However, the municipal bonds issued by those cities “disclaim knowledge of any such impending catastrophe, stating the Cities are ‘unable to predict’ whether sea-level rise ‘or other impacts of climate change’ will occur, and ‘if any such events occur, whether they will have a material adverse effect.'”

Five of the municipalities today released a letter sent to the Securities and Exchange Commission to rebut charges made about the bond disclosures by oil industry ally Manufacturers’ Accountability Project, an arm of the National Association of Manufacturers. It’s asked for an SEC inquiry. San Mateo, Marin and Santa Cruz counties and the cities of Imperial Beach and Santa Cruz submitted an analysis by Martha Mahan Haines, who headed the SEC’s Office of Municipal Securities from 2001 to 2011.

Her report found no wrongdoing. It said that, among other facts, “information that does not yet exist or is unknown necessarily cannot not be disclosed”; “the maturity of the securities was so short that it was not reasonable to foresee any impact on their timely repayment from long-term sea level change”; and that “it is not reasonably foreseeable” that the municipalities “would ignore the risks of sea level rise” once known and fail to mitigate impacts in a way that would result in default on repayment obligations.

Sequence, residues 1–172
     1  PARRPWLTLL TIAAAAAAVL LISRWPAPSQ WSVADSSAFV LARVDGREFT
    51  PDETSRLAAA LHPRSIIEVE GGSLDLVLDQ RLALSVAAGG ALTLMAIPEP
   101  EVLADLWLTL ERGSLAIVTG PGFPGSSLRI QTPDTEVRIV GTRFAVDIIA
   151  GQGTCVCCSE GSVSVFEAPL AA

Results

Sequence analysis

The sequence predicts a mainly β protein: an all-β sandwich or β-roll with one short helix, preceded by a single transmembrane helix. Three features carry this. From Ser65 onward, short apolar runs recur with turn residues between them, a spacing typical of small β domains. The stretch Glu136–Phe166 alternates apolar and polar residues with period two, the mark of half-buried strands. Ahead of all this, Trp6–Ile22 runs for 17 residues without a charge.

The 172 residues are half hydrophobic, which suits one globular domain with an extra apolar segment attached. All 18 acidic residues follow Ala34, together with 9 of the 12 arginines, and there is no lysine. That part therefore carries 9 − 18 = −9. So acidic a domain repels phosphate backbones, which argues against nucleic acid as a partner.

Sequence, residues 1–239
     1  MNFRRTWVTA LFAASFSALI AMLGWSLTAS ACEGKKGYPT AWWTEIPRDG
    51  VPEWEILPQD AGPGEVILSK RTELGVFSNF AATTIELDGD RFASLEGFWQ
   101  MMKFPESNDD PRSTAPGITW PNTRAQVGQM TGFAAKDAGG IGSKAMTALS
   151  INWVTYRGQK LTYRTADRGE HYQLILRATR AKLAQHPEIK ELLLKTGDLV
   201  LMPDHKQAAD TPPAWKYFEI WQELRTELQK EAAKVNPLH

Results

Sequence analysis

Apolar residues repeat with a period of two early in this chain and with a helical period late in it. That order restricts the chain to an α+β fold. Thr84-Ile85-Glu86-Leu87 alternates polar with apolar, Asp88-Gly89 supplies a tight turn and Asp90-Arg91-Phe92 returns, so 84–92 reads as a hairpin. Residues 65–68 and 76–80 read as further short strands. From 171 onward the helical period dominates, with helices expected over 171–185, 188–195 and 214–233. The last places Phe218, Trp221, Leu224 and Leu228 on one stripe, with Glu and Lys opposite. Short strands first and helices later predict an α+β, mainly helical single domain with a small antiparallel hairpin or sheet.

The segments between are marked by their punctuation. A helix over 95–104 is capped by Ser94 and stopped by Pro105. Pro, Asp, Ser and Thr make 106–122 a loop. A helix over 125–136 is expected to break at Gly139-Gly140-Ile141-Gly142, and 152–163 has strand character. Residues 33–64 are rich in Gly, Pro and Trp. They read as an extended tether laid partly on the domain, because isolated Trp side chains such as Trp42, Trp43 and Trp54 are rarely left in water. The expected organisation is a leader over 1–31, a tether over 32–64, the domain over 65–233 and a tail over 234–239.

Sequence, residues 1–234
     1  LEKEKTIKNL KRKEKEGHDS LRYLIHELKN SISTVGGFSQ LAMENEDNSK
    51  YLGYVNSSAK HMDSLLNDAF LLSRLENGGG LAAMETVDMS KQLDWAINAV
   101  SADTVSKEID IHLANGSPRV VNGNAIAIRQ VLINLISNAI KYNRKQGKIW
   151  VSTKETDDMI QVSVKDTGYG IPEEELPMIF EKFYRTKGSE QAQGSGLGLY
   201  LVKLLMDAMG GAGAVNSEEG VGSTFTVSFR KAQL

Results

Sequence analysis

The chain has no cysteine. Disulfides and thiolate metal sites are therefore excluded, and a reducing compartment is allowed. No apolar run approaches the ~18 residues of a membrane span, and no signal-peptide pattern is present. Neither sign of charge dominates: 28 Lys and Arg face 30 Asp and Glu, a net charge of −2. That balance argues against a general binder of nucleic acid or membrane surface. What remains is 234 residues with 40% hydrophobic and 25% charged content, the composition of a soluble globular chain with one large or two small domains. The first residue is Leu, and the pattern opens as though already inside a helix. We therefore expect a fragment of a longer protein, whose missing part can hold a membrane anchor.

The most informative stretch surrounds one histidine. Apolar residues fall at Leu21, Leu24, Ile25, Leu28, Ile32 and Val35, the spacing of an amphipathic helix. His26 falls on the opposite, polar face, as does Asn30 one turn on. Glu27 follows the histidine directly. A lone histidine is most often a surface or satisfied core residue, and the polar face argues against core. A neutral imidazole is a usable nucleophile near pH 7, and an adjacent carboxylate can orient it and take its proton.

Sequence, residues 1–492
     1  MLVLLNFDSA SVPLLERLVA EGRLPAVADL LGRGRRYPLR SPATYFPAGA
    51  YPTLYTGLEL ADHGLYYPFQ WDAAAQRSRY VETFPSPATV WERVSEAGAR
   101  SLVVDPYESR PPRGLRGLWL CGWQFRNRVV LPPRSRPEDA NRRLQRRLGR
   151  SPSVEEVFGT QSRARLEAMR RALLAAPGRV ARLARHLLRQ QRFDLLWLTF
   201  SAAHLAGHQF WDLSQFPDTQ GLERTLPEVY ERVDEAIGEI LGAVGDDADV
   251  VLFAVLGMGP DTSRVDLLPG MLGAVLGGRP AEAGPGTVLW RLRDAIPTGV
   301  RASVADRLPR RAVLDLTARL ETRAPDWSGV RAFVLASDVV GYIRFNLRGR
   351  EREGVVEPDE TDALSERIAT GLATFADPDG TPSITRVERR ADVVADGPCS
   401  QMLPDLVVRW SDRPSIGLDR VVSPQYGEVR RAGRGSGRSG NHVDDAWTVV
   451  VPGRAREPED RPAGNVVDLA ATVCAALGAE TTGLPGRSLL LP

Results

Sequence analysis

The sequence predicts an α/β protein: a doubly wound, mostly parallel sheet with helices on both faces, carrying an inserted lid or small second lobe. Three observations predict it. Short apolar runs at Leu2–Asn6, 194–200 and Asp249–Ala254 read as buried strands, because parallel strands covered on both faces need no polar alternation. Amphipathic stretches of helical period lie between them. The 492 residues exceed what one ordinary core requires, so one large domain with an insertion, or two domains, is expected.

Exxon in its Texas filings has said that a plan to target oil companies emerged from a June 2012 gathering in La Jolla, Calif., organized by the Union of Concerned Scientists and the Climate Accountability Institute. Participants advocated for government investigations and litigation against energy companies to “pressure” the targets to provide “support for legislative and regulatory responses to global warming.”

The court document references a 2015 legal strategy paper on suing oil companies, from Pawa Law Group and attorney Matt Pawa. He’s now a partner at Hagens Berman Sobol Shapiro LLP, which represents San Francisco and Oakland.

As part of his findings on jurisdiction, Wallace said that Pawa formed links with Texas by “initiating a plan to use litigation to change corporate behavior of Texas-based energy companies at the La Jolla conference … engaging with the Rockefeller Family Fund to solidify and promote the goal of delegitimizing ExxonMobil as a political actor … [and] instigating state attorneys general to commence investigations of ExxonMobil in order to obtain documents stored in Texas.”

Pawa has previously declined to discuss allegations from Exxon and others.

Energy in Depth, an arm of the Independent Petroleum Association of America, provided the judge’s ruling.